From 2018 to 2019, I followed Zeytin with a camera and a stabilizer every day for six months while one of the three indispensable Turkish coproducers on the film (Ceylan Carhoglu, Zeynep Köprülü and Zeynep Aslanoba) would record sound on a bidirectional microphone to pick up overheard conversations. At the end of each night of filming, we’d place pet-tracking collars (Tractive GPS) onto Zeytin or Nazar so we’d be able to locate and find them the next morning. We learned very quickly that it was impossible to plan or schedule the lives of our stray subjects. Surrendering to their will, my producer Shane Boris and I decided Stray would be an experiment in what would happen if we left a film’s narrative up to dogs.
Zeytin quickly emerged as the focus of our production because she was one of the rare dogs we followed who did not inadvertently end up following us back. To the very last day of shooting, she remained radically independent. In Zeytin I saw a character who could fully envelop us within her own non-human will – a quality that was vital to a story about dogs who, unlike pets, are not only defined by their relationship to humans.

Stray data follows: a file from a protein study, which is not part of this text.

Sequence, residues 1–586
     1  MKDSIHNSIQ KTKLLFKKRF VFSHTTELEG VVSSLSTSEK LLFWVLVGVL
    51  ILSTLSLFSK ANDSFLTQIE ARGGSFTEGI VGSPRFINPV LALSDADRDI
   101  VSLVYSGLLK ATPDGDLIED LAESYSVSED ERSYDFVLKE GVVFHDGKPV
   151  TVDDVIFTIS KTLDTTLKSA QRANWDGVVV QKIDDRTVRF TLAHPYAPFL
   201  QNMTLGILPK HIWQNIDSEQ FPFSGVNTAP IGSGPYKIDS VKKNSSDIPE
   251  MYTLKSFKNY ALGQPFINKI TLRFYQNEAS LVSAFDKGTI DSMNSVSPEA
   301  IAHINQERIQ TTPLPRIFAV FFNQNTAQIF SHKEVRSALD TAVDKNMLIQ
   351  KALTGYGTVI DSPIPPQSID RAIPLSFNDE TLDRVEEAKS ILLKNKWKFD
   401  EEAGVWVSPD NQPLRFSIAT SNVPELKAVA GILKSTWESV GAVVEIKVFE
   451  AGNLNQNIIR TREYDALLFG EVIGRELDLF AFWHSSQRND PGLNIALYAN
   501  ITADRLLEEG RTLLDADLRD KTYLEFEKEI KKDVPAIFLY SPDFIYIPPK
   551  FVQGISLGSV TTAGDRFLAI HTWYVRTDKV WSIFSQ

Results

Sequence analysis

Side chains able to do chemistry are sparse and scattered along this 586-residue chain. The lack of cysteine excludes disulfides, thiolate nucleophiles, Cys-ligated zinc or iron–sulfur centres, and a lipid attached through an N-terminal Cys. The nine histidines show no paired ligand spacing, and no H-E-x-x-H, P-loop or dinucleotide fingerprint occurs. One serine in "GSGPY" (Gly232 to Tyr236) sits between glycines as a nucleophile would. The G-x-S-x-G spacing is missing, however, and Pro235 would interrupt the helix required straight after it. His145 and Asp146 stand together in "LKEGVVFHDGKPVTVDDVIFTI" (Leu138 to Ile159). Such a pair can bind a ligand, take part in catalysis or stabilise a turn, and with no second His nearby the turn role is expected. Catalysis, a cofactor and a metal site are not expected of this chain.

I followed Zeytin as she traversed across class, ethnic and gender lines in a way only stray dogs can. Night after night, I’d get lost following the dogs into dark alleyways. But as long as I was with them, I felt protected. They’d ward off people who paid our production unwanted attention – they truly could read my fears and desires. At the end of the night, I trusted that they would lead me back to where I needed to go to get home. I’m filled with nostalgia when I think about those wandering days.